I have a little troop to call my own. I feel tremendously blessed- crazy blessed. My three kids are sweet and cute and precious. They keep me on my toes in the best way. But sometimes, I go through seasons where rallying the troops is hard. In fact, rallying myself is harder than the dickens.
I feel like the commander of an army at times. Except I’m one very unique looking officer.
Enter me, toting my 38 weeks-pregnant belly in the heat of July. Forget the uniform- think Humpty Dumpty. By the time 3 o’clock rolls around, most days, I wonder how I’m going to put another foot in front of another. I wonder how I’ll make it to the end of the day. Or at least until my husband gets home.
By 3-o’clock we’ve done the conflict-of-the-wills a few too many times. The old routine just doesn’t seem to click. Parenting three under five requires dealing with lots of little wills, that do not always harmoniously or magically coincide with one another. I can pray for unity. That sometimes helps.
Usually, when the squalor is painful, the daily grind is threatening my sanity, and my energy for exertion reaches empty, my answer is a clementine, a teaspoonful of honey, and a Hail Mary. Or perhaps in addition, a power nap when my girls go down~ that is, if they nap at the same time, which happens seldomly! I remember that these days of combat will soon be over. We will “fly away, oh glory” and it will end as we reach eternal peace and rest.
But in the meantime, where can we turn? We can set our sights on a tower of idols a mile high— natural parenting, health food, parenting books, and the list goes on. Like Babel it will come tumbling down eventually. But forgive me- I want to bring up something terribly mundane. I want to talk about the grace of reading the Bible, and what it can do for you in those times of intense striving.
Reading God’s Word has the power to….
- Search our hearts
God’s Word has a special kind of power, you know? I try to do my daily readings, and by the way, Universalis is an excellent resource for reading the liturgy. I read it on my iphone. It can be a great app if you have the appropriate device.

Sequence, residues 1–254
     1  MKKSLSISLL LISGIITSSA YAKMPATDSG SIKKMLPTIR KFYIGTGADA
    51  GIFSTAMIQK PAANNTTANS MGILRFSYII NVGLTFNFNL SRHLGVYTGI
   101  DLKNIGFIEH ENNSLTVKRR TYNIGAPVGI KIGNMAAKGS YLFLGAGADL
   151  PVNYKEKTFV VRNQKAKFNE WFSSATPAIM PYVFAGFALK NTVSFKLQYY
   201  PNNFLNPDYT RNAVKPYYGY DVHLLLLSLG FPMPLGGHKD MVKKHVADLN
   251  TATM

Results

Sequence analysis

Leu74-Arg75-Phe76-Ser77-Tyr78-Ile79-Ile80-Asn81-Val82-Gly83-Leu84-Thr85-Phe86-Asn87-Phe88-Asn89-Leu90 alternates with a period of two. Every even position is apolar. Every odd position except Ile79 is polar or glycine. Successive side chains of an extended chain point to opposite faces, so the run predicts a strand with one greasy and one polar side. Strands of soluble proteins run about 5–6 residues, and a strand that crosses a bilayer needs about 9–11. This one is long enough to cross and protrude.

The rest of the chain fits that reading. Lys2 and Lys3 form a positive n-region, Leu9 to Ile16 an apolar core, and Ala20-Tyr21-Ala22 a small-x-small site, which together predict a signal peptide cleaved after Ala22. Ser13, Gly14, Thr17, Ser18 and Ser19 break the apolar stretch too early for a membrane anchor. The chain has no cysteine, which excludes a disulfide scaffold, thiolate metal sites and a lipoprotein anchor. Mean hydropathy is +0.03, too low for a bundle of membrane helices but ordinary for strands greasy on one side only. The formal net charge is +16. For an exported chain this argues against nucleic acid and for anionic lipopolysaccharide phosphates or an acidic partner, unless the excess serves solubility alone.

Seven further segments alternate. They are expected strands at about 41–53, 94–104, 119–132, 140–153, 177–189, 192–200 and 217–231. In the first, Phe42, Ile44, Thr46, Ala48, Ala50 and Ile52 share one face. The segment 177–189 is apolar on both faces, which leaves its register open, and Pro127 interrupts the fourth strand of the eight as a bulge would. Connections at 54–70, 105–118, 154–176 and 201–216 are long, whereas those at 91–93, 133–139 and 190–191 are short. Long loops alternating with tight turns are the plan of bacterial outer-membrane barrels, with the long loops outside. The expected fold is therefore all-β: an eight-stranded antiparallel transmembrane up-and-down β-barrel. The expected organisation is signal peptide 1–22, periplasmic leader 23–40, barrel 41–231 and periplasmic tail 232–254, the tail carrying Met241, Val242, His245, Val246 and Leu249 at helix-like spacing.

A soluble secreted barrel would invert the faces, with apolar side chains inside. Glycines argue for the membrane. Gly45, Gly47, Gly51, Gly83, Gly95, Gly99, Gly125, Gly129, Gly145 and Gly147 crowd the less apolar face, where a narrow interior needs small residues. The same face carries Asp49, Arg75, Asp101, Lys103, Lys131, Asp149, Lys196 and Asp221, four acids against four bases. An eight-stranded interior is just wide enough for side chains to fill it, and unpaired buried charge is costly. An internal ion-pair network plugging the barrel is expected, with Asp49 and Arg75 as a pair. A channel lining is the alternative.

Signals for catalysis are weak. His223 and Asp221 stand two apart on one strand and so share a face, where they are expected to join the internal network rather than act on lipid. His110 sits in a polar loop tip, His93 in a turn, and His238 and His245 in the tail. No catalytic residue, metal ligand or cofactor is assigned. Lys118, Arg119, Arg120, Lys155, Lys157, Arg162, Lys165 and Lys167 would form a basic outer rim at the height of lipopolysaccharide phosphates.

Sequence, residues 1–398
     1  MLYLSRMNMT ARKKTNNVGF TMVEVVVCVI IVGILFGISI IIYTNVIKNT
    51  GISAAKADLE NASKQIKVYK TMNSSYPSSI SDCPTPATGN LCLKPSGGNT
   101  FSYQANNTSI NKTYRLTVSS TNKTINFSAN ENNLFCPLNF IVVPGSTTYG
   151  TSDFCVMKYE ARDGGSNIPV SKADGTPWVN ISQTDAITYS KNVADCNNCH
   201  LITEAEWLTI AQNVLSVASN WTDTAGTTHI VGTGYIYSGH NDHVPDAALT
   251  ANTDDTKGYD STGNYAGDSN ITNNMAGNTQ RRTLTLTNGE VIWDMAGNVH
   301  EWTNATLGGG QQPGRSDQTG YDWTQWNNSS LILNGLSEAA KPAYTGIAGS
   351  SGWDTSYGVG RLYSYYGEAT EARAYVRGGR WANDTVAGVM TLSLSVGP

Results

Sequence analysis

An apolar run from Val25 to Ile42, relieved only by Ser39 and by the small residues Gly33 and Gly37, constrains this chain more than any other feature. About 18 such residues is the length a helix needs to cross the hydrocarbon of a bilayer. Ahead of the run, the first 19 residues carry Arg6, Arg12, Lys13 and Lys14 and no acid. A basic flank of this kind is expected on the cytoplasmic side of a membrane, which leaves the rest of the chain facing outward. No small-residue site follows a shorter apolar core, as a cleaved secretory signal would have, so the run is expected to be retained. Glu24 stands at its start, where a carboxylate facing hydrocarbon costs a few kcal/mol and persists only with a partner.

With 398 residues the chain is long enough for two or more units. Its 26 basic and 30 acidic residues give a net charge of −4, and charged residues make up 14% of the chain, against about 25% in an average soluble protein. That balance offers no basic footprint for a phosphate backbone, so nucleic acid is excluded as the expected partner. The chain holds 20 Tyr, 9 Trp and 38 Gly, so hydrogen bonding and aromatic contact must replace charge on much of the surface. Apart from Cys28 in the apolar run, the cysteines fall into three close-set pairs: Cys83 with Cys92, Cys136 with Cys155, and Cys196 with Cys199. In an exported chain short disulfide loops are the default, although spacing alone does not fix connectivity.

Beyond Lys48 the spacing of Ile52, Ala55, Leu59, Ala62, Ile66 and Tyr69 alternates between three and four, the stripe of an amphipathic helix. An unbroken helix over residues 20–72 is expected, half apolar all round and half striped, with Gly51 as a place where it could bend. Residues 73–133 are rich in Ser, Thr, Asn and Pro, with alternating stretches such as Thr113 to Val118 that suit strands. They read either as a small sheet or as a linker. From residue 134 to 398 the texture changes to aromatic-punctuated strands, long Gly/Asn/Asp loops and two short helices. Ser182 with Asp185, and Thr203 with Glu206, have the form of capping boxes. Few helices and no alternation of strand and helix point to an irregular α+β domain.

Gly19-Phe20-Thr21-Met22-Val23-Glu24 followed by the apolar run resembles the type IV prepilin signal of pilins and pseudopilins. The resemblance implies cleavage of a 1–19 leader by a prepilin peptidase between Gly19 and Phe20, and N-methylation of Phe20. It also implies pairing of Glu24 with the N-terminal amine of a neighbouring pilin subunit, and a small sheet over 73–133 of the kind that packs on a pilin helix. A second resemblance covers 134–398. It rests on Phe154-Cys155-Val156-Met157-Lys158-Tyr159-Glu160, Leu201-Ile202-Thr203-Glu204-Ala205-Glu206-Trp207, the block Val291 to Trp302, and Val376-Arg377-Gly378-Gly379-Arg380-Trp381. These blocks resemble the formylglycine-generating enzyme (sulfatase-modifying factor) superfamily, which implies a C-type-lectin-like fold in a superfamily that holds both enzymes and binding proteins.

The other day, I was reading Jonah. I got to the end and contemplated the passage about the plant that grew over Jonah. He was upset and angry that the plant died. God confronted Jonah about his anger.
Therefore now, O Lord, please take my life from me, for it is better for me to die than to live!”
Then the Lord said, “Is it right for you to be angry?”
For the first time reading this passage, I could really see my self-pity in Jonah. I could choose to have heaps of self-pity given a moment’s chance to think. Probably the reason Jonah was so angry was that God was giving Ninevah mercy, yet he wanted justice for them, and mercy for himself as he sat out in the heat looking down. He was being self-righteous. He wanted to make the final judgment call, and it was going to be in his own favor.
It took Jonah three days with seaweed wrapped around his head inside the belly of a whale to convince that stubborn heart to repent and go God’s way. And even after he did, he still struggled and seethed with anger about the situation God allowed. Similar to Jonah, I have never felt like pitying myself so much in my life. I’m hot, tired, and my large pregnant belly invites unwanted comments and touches from strangers that can be downright exhausting.
I hope that for a few minutes everyday, I spend time in contemplation over the great and lavish love of God, so that I can teach my children not only how to be good, but how to know the good news. Why would God allow mercy to a stubborn, hard-hearted people? And why does he give us mercy, time and time again? I hope that I can model repentance to them and to my husband- even on a daily basis. And even though sometimes, like Jonah, I can hear God rebuking my sinful heart, it is also bound up in his love and mercy for me. He is giving me a second chance, like Jonah, the classic second-chance story.
Scripture keeps me closer to the heart of God; the loving heart of God. The words of scripture are living, active, and sharper than a double-edged sword. Sometimes a clementine doesn’t cut it, when you are really starving to hear good news. Reading the story of Jonah could shrink your self-pity down to size. And in the process, give your heart a dose of mercy. Hopefully, in turn, you can give your child or children a second chance… or a third, or even a fourth. 🙂
Copyright 2013 Tacy Beck